Metre (music) Aspect of music

In music, metre or meter refers to the regularly recurring patterns and accents such as bars and beats. Unlike rhythm, metric onsets are not necessarily sounded, but are nevertheless implied by the performer and expected by the listener.

In music, duration is an amount of time or how long or short a note, phrase, section, or composition lasts. "Duration is the length of time a pitch, or tone, is sounded." A note may last less than a second, while a symphony may last more than an hour. One of the fundamental features of rhythm, or encompassing rhythm, duration is also central to meter and musical form. Release plays an important part in determining the timbre of a musical instrument and is affected by articulation.

In music, the subdominant is the fourth tonal degree of the diatonic scale. It is so called because it is the same distance below the tonic as the dominant is above the tonic – in other words, the tonic is the dominant of the subdominant. It also happens to be the note one step below the dominant. In the movable do solfège system, the subdominant note is sung as fa.

In poetic and musical meter, and by analogy in publishing, an anacrusis is a brief introduction. Greek: ἀνάκρουσις.

A secondary chord is an analytical label for a specific harmonic device that is prevalent in the tonal idiom of Western music beginning in the common practice period: the use of diatonic functions for tonicization.

In music, texture is how the tempo, melodic, and harmonic materials are combined in a musical composition, determining the overall quality of the sound in a piece. The texture is often described in regard to the density, or thickness, and range, or width, between lowest and highest pitches, in relative terms as well as more specifically distinguished according to the number of voices, or parts, and the relationship between these voices. For example, a thick texture contains many 'layers' of instruments. One of these layers could be a string section or another brass. The thickness also is changed by the amount and the richness of the instruments playing the piece. The thickness varies from light to thick. A piece's texture may be changed by the number and character of parts playing at once, the timbre of the instruments or voices playing these parts and the harmony, tempo, and rhythms used.. The types categorized by number and relationship of parts are analyzed and determined through the labeling of primary textural elements: primary melody (PM), secondary melody (SM), parallel supporting melody (PSM), static support (SS), harmonic support (HS), rhythmic support (RS), and harmonic and rhythmic support (HRS).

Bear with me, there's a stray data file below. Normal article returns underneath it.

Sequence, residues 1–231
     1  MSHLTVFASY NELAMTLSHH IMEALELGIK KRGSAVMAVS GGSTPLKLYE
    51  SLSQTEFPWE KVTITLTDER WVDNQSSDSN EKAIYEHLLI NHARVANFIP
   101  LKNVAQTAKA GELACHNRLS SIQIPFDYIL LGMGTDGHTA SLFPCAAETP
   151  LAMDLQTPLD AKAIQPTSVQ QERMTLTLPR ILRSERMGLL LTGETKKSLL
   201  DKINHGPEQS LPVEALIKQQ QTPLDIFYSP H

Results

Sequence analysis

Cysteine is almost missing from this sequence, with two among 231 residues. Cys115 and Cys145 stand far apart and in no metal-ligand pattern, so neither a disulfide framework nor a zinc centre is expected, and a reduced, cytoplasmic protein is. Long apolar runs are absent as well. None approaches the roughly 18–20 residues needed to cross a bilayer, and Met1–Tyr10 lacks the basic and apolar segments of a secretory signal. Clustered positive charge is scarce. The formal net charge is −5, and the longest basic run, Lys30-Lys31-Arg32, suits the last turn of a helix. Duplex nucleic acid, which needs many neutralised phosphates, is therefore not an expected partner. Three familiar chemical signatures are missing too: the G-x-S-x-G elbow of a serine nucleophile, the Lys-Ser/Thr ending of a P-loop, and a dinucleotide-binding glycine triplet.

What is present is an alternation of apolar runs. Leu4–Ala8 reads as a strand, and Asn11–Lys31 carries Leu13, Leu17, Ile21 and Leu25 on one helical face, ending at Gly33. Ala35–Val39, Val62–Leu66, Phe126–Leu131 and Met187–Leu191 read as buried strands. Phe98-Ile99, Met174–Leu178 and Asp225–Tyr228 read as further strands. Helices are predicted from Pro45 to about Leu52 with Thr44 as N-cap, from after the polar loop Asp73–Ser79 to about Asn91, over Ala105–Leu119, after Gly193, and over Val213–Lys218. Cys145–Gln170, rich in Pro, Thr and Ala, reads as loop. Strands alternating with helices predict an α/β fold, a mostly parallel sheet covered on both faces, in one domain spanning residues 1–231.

In Western musical theory, a cadence is "a melodic or harmonic configuration that creates a sense of resolution [finality or pause]". A harmonic cadence is a progression of two chords that concludes a phrase, section, or piece of music. A rhythmic cadence is a characteristic rhythmic pattern that indicates the end of a phrase.

In music, the submediant is the sixth degree of the diatonic scale, the lower mediant—halfway between the tonic and the subdominant. In the movable do solfège system, the submediant note is sung as la in major, as fa in minor. It is occasionally called superdominant, as the degree above the dominant. This is its normal name (sus-dominante) in French.

In music, the subtonic is the flattened seventh scale degree of the diatonic scale, that is, the lowered or minor seventh degree of the scale, a whole step below the tonic. In the movable do solfège system, the subtonic note is sung as te. It appears in the natural minor and descending melodic minor scales but not in the major scale. In major keys, the subtonic sometimes appears in borrowed chords.

Motif (music)

In music, a motif(pronunciation)  IPA: (/moʊˈtiːf/) is a short musical phrase, a salient recurring figure, musical fragment or succession of notes that has some special importance in or is characteristic of a composition: "The motive is the smallest structural unit possessing thematic identity".